The business of selling only print newspapers is over and will not be back. What publishers should do is to  is adjust their business models to benefit from opportunities created by internet, and not asking for more (copy)rights without providing any evidence that more right actually help them (instead of just hurting others).  El Pais voice, coming from a country with first-hand experience of the ancillary copyright, is invaluable in this ongoing debate. Continue reading

JURI rapporteur take on education is not in tune with everyday practices

Allegorie op het onderwijs
Education deserves more attention
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For several months now, we have been arguing that ‘the devil is in the detail’ when it comes to the Commission’s education proposal. MEP Therese Comodini Cachia draft amendments to the proposed exception for digital and cross-border teaching activities, while introducing some improvements, do not meet the educational community expectations to see a better copyright reform. And, worst still, they represent a serious step back in relation to the existing EU acquis in the area of educational exceptions.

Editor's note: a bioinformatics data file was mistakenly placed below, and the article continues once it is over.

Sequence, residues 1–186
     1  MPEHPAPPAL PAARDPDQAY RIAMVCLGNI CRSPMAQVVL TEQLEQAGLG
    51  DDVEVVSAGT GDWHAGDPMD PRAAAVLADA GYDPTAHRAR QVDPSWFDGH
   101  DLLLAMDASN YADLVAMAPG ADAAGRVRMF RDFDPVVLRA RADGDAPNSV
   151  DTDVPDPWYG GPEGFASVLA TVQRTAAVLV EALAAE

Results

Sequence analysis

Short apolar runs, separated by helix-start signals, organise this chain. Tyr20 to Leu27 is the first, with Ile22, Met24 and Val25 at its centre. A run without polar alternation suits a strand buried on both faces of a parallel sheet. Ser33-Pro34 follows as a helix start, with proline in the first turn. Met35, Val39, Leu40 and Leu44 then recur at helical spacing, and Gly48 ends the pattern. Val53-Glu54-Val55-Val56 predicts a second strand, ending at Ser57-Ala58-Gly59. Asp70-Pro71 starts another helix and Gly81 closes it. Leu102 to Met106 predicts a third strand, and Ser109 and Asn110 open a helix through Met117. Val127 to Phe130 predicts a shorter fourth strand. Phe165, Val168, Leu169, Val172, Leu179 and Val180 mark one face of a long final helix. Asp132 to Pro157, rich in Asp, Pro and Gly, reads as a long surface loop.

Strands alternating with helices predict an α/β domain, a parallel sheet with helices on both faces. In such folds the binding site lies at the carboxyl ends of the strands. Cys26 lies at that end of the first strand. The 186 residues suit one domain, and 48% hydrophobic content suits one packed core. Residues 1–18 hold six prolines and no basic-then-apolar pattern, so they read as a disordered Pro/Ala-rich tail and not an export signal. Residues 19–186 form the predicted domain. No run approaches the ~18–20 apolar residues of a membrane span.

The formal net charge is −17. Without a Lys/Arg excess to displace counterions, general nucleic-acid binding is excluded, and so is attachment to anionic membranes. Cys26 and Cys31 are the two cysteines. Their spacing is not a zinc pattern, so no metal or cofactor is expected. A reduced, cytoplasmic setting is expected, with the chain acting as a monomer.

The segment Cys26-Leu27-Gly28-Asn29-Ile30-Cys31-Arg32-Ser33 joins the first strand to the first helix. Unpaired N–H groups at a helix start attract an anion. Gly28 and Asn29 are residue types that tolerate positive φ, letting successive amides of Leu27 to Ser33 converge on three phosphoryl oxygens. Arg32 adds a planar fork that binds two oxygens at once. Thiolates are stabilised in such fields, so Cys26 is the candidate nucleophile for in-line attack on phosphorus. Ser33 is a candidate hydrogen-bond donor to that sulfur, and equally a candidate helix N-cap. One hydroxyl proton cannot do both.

The licensing fight continues

We appreciate MEP Comodini efforts to mitigate the negative impact of article 4(2), which allows Member States to give precedence to licenses over the proposed exception. However, we believe she misses the opportunity of getting rid of the Commission’s infamous proposal, while still protecting the extended collective licensing (ECL) schemes that exist in the Nordic countries.

Under the Commission’s proposal, any licensing offer could rule out the application of the education exception, thus negating much of the substance and effectiveness of the exception. MEP Comodini seems to recognize that many educational institutions would be ill-placed to negotiate license terms or would be forced to accept the terms dictated by the licensor, and thus introduced some substantial changes to article 4(2). Under Ms. Comodini’s proposal, the unilateral and discretionary offer of the rightholder to conclude a licensing agreement is not sufficient to deny the educational establishment concerned the right to benefit from the educational exception. An existing contractual relation is needed to override the exception.Continue reading